Thursday, December 28, 2006


I enjoyed the movie on one level. Certainly I thought Jennifer Hudson's and Eddie Murphy's performances were remarkable. And, as musicals go, this one was far better than most, and some of these songs could have legitimately stood on their own as great soul tracks from Motown or Stax.

But I guess I'm just not a musicals kind of guy. I admit that I'm not consistent about this. I'm just going by my gut reaction, and there's no logic to it. For some reason, I can watch rock 'n roll bands with painted faces, shooting fire out of their mouths or spitting blood, and just shrug it off and think, "Yep, just another normal day in Heavy Metal Hell." But when somebody switches from dialog to song in a play or movie, my mind can't make the transition. It was actually more difficult for me with Dreamgirls because many of the song lyrics were so pedestrian, and actually sounded like normal speech. The effect was something like this to my ears:

Diva (pleadingly): "Honey, would you pick up a pound of pastrami on your way home from work tonight?"

Boffo Tenor (with bravado): "Sure, right after I drop off the dry cleaning."

I just never want to sing about these things, and I'm always amazed when people do. I have similar problems with opera, although at least people are singing the whole way through, albeit in those sometimes boring recitatives that string the story along between the arias.


C's Mom said...

But Tim and I are always singing like this:

T: Honey, the toilet's plugged up again!

B: Oh noooo! Why are you too cheap (doo wop) to call the plumber?

T: But I can! I can! I can fix it myself!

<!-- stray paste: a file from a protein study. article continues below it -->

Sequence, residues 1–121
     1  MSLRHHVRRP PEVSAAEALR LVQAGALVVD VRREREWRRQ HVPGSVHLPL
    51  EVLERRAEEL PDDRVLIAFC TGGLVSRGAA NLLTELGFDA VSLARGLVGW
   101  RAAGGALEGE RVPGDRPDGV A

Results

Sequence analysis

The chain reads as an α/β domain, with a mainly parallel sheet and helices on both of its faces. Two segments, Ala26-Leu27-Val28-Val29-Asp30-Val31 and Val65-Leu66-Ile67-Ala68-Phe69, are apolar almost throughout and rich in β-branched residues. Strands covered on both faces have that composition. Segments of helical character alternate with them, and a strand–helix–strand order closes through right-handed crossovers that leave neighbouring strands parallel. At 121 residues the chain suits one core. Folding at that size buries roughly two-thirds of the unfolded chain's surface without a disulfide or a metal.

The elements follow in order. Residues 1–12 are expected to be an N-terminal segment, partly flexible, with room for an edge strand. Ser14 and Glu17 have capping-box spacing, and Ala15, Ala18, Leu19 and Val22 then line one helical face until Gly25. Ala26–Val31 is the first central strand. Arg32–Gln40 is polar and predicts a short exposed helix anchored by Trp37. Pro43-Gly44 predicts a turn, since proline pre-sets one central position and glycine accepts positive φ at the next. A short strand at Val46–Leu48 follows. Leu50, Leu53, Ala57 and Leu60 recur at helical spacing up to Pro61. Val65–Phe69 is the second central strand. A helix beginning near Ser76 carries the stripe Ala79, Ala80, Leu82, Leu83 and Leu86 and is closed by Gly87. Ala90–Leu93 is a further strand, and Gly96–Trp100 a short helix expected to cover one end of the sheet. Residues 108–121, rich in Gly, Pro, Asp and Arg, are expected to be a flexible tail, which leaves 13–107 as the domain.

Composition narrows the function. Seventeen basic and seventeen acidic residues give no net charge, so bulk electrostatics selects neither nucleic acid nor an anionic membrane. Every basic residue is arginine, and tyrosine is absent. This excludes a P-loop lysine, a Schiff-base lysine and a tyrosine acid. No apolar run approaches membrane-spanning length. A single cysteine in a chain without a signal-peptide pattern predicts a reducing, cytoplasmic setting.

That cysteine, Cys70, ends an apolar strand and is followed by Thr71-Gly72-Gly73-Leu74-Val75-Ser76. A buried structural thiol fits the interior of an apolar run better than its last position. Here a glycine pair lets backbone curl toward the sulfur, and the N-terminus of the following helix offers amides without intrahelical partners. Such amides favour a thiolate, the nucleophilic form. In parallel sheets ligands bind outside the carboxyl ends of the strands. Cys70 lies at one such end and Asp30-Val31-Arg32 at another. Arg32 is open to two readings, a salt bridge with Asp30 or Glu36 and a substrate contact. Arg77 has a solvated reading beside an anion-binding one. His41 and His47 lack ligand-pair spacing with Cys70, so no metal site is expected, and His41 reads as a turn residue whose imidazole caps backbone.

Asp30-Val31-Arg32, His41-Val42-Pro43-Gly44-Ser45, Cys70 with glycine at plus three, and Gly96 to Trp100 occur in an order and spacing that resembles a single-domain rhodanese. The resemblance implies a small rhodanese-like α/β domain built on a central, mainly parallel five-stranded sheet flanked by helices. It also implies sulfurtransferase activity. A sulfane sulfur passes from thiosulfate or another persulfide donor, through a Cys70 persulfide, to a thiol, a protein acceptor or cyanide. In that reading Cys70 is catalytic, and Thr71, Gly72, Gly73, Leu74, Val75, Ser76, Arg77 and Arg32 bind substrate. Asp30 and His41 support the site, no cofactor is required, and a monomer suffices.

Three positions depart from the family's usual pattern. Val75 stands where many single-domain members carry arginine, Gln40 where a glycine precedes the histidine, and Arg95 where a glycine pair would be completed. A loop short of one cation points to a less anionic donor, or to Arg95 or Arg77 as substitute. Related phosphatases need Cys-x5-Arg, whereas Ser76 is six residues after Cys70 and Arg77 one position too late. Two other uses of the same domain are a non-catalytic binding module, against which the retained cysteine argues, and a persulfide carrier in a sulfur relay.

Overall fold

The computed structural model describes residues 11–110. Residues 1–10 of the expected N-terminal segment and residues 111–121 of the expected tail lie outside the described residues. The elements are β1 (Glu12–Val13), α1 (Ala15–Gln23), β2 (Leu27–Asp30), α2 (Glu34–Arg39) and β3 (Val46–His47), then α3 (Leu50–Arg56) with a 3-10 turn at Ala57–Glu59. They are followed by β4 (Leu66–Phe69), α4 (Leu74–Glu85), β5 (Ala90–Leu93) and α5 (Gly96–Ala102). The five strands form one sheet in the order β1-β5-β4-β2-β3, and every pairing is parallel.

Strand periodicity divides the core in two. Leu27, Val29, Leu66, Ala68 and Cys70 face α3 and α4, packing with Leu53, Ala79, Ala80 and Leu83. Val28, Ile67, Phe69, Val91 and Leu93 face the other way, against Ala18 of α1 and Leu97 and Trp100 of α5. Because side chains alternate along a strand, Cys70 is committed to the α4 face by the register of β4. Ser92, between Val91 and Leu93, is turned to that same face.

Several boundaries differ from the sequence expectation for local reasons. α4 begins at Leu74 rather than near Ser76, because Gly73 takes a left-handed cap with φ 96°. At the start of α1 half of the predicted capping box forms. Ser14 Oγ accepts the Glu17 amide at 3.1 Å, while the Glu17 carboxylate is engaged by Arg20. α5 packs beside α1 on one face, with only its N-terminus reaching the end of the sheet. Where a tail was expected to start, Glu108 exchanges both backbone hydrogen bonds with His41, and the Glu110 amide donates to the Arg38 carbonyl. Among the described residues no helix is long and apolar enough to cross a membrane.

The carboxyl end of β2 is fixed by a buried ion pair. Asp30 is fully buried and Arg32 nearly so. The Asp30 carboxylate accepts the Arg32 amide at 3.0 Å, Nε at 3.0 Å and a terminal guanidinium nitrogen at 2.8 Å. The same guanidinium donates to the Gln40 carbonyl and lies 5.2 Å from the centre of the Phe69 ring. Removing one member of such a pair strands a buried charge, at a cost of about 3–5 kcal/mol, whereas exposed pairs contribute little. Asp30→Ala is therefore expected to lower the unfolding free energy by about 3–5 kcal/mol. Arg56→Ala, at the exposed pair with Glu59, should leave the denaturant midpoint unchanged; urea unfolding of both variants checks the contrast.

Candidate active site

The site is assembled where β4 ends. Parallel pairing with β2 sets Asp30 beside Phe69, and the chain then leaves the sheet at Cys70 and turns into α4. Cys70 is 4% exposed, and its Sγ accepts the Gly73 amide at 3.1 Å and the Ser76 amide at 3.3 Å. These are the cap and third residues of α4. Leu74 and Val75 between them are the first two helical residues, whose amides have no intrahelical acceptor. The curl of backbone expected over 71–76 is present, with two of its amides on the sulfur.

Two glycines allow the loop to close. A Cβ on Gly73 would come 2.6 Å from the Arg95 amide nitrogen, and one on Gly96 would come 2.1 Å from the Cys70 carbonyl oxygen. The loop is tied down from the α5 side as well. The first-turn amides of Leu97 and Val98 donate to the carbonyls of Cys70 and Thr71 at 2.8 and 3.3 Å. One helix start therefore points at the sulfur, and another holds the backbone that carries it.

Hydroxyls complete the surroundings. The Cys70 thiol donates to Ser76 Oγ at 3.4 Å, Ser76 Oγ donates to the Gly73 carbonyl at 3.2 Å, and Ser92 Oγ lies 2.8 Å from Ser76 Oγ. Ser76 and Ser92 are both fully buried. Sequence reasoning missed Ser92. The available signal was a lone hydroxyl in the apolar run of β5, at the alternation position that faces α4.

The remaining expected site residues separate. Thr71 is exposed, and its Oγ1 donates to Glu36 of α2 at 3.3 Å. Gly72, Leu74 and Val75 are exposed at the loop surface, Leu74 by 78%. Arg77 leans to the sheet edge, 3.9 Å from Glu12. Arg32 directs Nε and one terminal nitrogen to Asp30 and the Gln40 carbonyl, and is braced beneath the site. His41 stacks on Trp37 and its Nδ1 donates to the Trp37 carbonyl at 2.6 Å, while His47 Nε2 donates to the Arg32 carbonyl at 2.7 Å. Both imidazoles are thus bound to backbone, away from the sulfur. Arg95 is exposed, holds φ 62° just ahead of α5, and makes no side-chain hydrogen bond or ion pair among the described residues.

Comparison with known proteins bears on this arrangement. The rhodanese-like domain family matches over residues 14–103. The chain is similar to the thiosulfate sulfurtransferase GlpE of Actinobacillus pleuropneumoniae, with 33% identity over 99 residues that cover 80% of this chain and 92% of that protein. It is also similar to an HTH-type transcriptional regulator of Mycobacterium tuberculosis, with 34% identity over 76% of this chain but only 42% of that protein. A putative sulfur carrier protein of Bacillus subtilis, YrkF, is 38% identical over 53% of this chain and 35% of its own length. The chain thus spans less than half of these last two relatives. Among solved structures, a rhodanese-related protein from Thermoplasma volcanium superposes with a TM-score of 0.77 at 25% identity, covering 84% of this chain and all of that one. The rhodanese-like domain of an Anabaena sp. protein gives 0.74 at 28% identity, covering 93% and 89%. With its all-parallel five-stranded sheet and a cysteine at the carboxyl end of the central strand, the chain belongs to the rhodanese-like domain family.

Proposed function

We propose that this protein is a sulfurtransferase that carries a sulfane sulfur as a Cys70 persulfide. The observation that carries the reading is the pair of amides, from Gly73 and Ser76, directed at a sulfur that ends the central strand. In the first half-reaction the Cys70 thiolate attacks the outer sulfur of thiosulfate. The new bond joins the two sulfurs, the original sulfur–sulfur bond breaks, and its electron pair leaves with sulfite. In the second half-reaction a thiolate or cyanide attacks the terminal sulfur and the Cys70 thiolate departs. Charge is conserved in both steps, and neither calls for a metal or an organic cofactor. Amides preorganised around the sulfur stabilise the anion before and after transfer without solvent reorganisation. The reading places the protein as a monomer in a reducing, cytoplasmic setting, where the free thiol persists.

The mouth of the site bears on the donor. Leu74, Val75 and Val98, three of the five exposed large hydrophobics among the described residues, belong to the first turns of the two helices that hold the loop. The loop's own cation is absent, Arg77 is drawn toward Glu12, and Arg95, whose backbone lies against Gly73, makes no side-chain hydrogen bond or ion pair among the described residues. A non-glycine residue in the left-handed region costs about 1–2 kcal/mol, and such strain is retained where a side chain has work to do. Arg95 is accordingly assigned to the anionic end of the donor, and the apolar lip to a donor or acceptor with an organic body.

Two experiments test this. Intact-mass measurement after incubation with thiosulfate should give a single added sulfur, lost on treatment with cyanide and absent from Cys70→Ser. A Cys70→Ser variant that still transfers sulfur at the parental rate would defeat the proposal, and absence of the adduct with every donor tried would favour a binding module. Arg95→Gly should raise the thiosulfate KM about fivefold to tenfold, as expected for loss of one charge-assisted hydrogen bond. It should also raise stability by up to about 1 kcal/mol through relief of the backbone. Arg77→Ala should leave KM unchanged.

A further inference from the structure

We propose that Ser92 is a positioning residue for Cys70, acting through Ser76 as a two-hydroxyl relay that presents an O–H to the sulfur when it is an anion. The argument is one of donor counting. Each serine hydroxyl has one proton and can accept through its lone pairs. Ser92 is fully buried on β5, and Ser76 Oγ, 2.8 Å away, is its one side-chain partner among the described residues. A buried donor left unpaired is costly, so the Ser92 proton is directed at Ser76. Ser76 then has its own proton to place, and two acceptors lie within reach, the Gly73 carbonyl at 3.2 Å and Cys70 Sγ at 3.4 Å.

(break for a little soft shoe with Tim and the plunger)

B: You always loved her (gesturing toward plunger) more than me!

You guys must NEVER have any fun...

Anonymous said...

Well, we went to see Dreamgirls last night. I'd have to say it was one of the best musical productions I have seen.

Why? Because many of the tunes were sung either in the studio or on stage. Believable places for someone to be singing. Only a few times did they ask me to willingly suspend belief and forget the fact that real people don't just burst into song.

The suspension of what isn't real is the key to all drama. Does the actor do a good enough job to allow me to believe the he is who he is pretending to be? If I watch Rocky then Rambo, can I suspend my belief that Stallone is playing two different characters? If that happens Stallone has done his job. So to watch a musical you must willingly suspend what you believe to be unrealistic for the sake of the musical.

You also shouldn’t expect every song in a musical to be a hit. Just like in a James Bond movie there is mindless banter between explosions and gadgets. Musicals use tacit, dialogue and other songs to get from one hopeful hit to the next. Remember, musicals are not immune to the fact that the public will go see what is popular. Not necessarily phenomenal musical performances. In fact, part of the Dreamgirls plot is just that, making music popular at the loss of the art.

I enjoyed Dreamgirls not only for the ease of belief in the characters and situation but I also enjoyed it for the cinematography and use of image to further the story and the emotion. I enjoyed it as it allowed me to enter the world of Barry Gordy and Diana Ross. And more importantly I enjoy the quality of the musical performances.

Now that I’ve said my piece about this musical, let me ask your thought on the following?

Tommy by The Who
A hard day’s night by the Beatles
Mr. Roboto by Styx
Stuck in the Closet by R.Kelly (or Stuck in the Drive thru by Weird Al.)
Pictures at an exhibition done by Yes

These are all multiple pieces of music that strung together tell a story. What makes them different than musicals? Is listening to them on CD better than seeing them performed with a stage full of sets and costumes?

Anonymous said...

Previous comment by Karl not Bethany. Someday I'll remember to sign my comments.